Rural mortgages: How to be approved

Rural mortgages can be used to purchase land, although these loans work differently to traditional mortgages.

Rural mortgages are only offered by specialist lenders.

The main difference between these and traditional mortgages is how the lender assesses the collateral on the loan. A piece of land is deemed as riskier collateral than most properties, so you might struggle to secure finance for certain types of land.

Speak to a specialist lender

If you are struggling to get a mortgage via the traditional methods you could speak to a specialist lender. They can provide the expertise on a particular area of lending where you’re looking for assistance.

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Think carefully before securing debts against your home. Your home may be repossessed if you do not keep up repayments on your mortgage.

What type of land is easiest to secure rural mortgages for?

A lender’s main concern is whether it’s possible to build property on the land you’re trying to buy. They’ll also be keen to hear whether there is access to utilities such as electricity, water or sewerage.

If this is the case, the land will be easy for the lender to sell if they have to repossess it. That makes it a less risky investment in their eyes, so you’ll find it easier to be approved for a rural mortgage with a great rate. The best thing you can do to secure a great rural mortgage is to secure planning permission to build on the land.

Many buyers try to invest in agricultural, but this is less desirable collateral for lenders, especially if it has been registered as green belt land and there is no access to utilities. This could potentially mean years for the lender to sell at the price you paid for it.

A lot of lenders won’t even consider offering rural mortgages on this type of land, while others will only consider applications from buyers with a good credit score and/or a hefty deposit. You can check your credit score here.

How long can you borrow money with a rural mortgage?

Most rural mortgages are only offered with terms of two to five years, although you may be able to negotiate affordable monthly repayments, with a balloon payment at the end of the term.

Also, if you’re planning to build on the land, it should be possible to convert this mortgage into a longer-term loan. Consider applying for a self-build mortgage, with a standard mortgage term of 25 years or more.

Can I borrow money against the land?

You can apply to borrow money against land you already own, but it’s not easy to be approved because lenders rarely see this as reliable collateral. Ultimately, the type of land you own will be key for a lender’s decision to approve your loan.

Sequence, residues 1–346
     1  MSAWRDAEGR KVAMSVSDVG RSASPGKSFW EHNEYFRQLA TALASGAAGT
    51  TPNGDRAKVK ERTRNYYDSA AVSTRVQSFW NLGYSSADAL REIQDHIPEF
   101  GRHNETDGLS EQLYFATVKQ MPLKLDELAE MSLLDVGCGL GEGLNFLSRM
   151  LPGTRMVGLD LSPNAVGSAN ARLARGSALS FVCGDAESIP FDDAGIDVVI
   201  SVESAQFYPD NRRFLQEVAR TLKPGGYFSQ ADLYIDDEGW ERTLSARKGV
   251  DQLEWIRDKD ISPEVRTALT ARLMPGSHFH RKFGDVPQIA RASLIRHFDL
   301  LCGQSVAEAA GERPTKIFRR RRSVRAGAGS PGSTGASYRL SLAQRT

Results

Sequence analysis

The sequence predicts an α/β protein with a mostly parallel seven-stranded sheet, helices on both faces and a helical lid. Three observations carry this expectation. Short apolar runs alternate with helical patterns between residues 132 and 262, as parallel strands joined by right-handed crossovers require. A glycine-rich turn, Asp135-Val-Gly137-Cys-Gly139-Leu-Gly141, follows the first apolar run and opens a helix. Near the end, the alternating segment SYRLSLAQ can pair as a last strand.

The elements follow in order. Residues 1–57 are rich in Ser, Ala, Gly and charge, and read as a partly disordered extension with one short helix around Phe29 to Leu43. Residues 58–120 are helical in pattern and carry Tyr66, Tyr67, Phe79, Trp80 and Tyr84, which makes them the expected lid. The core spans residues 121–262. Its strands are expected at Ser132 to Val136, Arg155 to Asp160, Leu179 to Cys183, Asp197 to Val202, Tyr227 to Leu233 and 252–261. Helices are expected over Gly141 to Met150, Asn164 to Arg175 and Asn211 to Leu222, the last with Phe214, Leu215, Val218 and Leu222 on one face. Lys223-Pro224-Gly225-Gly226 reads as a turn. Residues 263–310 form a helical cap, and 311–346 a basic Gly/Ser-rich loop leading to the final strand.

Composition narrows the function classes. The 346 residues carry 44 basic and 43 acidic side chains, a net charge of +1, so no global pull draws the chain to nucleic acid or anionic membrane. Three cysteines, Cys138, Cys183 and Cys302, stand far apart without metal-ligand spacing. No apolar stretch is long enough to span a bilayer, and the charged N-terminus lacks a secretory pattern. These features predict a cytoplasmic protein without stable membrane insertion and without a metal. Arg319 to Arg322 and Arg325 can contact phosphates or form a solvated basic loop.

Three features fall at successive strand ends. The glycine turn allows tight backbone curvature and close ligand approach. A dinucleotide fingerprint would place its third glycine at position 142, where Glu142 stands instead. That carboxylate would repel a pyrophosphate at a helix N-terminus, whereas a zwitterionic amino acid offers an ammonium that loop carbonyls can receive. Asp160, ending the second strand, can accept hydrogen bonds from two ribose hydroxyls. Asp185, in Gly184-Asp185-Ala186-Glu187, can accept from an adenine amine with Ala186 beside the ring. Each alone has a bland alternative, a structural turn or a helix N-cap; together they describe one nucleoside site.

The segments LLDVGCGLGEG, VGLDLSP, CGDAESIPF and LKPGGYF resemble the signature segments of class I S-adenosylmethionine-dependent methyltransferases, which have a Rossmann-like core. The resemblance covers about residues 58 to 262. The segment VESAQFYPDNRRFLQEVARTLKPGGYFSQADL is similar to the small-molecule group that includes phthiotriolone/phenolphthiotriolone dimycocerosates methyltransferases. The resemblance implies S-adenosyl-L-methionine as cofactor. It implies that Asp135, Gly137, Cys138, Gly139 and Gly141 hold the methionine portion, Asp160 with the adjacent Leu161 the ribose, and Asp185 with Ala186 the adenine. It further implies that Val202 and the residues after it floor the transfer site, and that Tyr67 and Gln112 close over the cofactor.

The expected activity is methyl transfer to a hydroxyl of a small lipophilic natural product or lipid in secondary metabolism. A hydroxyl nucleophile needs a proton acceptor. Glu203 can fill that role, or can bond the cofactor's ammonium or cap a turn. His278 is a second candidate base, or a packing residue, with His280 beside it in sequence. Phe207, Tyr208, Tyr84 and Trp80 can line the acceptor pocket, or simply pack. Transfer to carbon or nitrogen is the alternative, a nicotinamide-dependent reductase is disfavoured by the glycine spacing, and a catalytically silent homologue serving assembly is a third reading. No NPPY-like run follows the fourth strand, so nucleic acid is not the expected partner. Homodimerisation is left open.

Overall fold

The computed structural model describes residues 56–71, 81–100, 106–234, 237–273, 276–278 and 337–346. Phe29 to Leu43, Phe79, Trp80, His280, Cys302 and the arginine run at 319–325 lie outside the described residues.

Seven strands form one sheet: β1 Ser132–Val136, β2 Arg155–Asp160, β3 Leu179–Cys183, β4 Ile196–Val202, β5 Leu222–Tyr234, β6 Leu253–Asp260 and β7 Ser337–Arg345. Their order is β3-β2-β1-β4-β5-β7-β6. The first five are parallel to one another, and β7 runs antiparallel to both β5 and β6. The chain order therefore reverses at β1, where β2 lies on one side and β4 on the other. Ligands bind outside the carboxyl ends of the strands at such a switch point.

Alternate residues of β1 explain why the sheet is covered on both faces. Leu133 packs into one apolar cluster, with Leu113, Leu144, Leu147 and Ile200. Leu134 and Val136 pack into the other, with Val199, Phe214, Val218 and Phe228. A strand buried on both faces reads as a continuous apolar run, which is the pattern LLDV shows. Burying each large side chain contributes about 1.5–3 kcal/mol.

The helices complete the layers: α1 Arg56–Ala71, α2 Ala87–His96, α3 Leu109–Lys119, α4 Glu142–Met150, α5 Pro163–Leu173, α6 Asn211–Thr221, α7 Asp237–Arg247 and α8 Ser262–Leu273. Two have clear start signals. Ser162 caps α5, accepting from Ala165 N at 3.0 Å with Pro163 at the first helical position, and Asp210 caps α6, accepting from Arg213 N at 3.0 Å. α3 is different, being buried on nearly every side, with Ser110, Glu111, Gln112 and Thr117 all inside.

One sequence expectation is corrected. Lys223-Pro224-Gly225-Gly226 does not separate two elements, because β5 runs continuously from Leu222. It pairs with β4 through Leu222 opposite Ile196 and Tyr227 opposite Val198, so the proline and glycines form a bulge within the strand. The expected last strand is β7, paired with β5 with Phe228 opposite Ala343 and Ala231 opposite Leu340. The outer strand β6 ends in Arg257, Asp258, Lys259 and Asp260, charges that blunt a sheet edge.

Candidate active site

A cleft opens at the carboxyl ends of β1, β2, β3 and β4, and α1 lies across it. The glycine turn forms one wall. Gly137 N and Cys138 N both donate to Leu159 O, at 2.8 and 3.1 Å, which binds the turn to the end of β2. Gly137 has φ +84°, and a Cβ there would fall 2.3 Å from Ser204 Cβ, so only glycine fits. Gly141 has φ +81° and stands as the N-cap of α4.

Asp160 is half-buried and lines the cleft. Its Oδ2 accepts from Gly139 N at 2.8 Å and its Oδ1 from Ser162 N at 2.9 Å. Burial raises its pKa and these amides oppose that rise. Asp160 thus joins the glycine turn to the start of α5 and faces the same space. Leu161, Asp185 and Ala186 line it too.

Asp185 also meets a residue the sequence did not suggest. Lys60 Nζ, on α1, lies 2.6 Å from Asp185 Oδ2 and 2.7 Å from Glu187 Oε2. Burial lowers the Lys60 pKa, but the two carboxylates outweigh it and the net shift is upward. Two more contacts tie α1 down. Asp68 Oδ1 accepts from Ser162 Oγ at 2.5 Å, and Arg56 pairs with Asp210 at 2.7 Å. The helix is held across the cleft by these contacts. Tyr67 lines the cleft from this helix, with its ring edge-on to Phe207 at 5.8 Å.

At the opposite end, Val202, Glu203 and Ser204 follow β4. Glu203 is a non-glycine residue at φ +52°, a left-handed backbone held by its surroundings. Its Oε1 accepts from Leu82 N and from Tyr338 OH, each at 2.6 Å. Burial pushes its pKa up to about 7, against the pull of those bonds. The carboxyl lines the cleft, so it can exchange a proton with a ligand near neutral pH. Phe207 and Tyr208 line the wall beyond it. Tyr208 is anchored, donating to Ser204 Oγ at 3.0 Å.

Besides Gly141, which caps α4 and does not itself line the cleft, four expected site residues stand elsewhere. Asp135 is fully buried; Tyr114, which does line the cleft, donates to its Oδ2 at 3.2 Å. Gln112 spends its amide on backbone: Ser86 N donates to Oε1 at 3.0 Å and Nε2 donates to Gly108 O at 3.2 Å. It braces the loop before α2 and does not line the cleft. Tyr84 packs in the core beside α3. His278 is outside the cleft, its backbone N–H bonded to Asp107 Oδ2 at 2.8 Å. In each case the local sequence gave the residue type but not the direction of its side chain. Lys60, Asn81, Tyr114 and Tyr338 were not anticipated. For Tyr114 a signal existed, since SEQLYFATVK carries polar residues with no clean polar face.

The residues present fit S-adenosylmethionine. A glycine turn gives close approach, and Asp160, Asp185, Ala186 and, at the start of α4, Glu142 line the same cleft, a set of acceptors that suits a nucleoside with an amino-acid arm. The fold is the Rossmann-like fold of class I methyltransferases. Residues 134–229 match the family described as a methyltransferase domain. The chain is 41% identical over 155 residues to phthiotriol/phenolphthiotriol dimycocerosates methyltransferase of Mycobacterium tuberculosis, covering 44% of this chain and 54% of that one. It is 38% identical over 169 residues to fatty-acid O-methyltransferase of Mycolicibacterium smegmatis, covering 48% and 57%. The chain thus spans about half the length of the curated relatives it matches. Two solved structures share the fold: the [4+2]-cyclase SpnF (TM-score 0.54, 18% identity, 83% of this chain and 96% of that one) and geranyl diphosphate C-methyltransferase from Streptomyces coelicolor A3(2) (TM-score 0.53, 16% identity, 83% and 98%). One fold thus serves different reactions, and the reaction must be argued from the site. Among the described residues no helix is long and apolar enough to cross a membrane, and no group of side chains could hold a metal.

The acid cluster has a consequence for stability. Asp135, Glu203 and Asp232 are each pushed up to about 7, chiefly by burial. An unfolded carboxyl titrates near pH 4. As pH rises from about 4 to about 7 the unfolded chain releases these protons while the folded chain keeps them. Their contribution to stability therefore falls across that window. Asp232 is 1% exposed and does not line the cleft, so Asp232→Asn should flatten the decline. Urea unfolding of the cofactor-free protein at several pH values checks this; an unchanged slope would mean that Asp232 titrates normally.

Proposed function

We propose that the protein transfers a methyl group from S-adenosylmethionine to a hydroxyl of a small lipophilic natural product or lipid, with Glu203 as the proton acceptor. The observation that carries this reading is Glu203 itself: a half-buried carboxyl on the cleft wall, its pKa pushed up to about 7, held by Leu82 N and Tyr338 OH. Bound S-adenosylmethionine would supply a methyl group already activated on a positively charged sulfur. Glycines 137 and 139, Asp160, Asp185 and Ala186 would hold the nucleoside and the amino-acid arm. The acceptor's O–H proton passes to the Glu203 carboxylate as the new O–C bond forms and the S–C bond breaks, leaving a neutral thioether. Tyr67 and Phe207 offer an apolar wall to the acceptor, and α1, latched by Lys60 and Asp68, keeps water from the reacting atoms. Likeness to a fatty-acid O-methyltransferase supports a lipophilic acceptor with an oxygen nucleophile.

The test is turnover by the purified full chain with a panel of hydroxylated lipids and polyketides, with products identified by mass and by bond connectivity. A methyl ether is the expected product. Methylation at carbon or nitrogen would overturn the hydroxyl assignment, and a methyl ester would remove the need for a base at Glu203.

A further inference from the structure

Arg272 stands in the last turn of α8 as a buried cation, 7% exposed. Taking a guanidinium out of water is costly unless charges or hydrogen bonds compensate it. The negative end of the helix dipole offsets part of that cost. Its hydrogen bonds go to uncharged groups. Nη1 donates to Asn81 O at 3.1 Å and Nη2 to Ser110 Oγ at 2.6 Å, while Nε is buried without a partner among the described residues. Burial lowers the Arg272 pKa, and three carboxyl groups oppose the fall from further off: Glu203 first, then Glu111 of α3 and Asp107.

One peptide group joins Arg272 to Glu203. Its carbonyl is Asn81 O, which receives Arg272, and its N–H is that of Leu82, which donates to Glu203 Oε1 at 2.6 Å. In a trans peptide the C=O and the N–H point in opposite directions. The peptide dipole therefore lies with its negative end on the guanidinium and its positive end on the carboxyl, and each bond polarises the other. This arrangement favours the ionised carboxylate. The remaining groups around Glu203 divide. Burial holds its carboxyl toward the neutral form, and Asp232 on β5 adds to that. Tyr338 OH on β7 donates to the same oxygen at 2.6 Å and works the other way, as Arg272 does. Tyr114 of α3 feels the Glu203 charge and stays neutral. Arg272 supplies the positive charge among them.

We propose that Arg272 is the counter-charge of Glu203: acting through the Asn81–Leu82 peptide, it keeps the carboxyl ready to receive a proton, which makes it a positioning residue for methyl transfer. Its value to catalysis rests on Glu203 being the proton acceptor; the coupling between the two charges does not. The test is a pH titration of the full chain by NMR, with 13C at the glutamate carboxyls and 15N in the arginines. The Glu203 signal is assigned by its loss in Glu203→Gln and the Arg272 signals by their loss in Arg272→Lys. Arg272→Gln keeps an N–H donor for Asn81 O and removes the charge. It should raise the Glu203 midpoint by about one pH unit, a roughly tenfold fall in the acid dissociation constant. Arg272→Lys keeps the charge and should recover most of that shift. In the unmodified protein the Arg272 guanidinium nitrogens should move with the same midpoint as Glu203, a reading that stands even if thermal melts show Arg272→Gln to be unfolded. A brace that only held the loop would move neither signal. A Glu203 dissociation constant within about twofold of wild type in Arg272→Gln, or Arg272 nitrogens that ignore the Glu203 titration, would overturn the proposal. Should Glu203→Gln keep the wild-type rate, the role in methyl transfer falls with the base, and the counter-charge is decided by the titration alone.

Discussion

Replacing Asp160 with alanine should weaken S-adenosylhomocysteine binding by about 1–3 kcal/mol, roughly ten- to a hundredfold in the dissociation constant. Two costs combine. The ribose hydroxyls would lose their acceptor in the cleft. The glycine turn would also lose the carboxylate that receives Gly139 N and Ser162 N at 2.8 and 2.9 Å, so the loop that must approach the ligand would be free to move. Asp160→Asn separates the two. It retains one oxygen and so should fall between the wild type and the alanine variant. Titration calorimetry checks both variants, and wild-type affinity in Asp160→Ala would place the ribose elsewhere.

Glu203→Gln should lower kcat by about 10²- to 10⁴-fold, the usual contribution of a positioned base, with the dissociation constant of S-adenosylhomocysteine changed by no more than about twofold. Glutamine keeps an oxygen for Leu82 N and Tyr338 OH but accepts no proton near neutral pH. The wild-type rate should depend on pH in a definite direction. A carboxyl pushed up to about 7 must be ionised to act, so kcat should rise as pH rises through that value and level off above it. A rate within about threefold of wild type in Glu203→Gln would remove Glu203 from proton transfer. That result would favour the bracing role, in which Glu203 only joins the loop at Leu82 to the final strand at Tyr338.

Are rural mortgages on agricultural land possible?

It is possible to gain rural mortgages on agricultural land, even though lenders are more reluctant to offer this. Here are some factors that will improve your chances of approval.

  • Large deposit. The less money you need to borrow, the less risky you’ll be perceived by a lender. You’ll usually need a deposit of at least 30%. If the plot of land is highly unattractive as collateral, this could be as high as 50%. It’s common to withdraw equity from existing properties in order to finance rural mortgages.
  • High income. A lender will check your recent bank statements to see if you can afford monthly repayments on your rural mortgages. If your income is high compared to your outgoings, it will improve your chances of having a rural mortgage approved.
  • High credit score. Your credit score is a numerical measurement of your reliability to repay debt, so will play a key role in your eligibility for a rural mortgage. You can boost this by making timely repayments on your bills.

These three factors will improve your chances of being approved for a rural mortgage. If you’re initially rejected for a rural mortgage, it’s recommended to improve these three factors before applying again.

Can I use a bridging loan to buy land?

A bridging loan is designed to have a short term. So, it’ll only be a suitable option if you’re planning to sell or refinance the land within a few days or weeks.

It is reasonably common for buyers to use a bridging loan, while they’re waiting for planning permission to build on the land. After planning permission is granted in this scenario, the next step would be to refinance the bridging loan into development finance and/or a rural mortgage.

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Written by

Matthew Boyle

Matthew Boyle is a banking and mortgages publisher at Finder. He has a 7-year history of publishing helpful guides to assist consumers in making better decisions. In his spare time, you will find him walking in the Norfolk countryside admiring the local wildlife. See full profile

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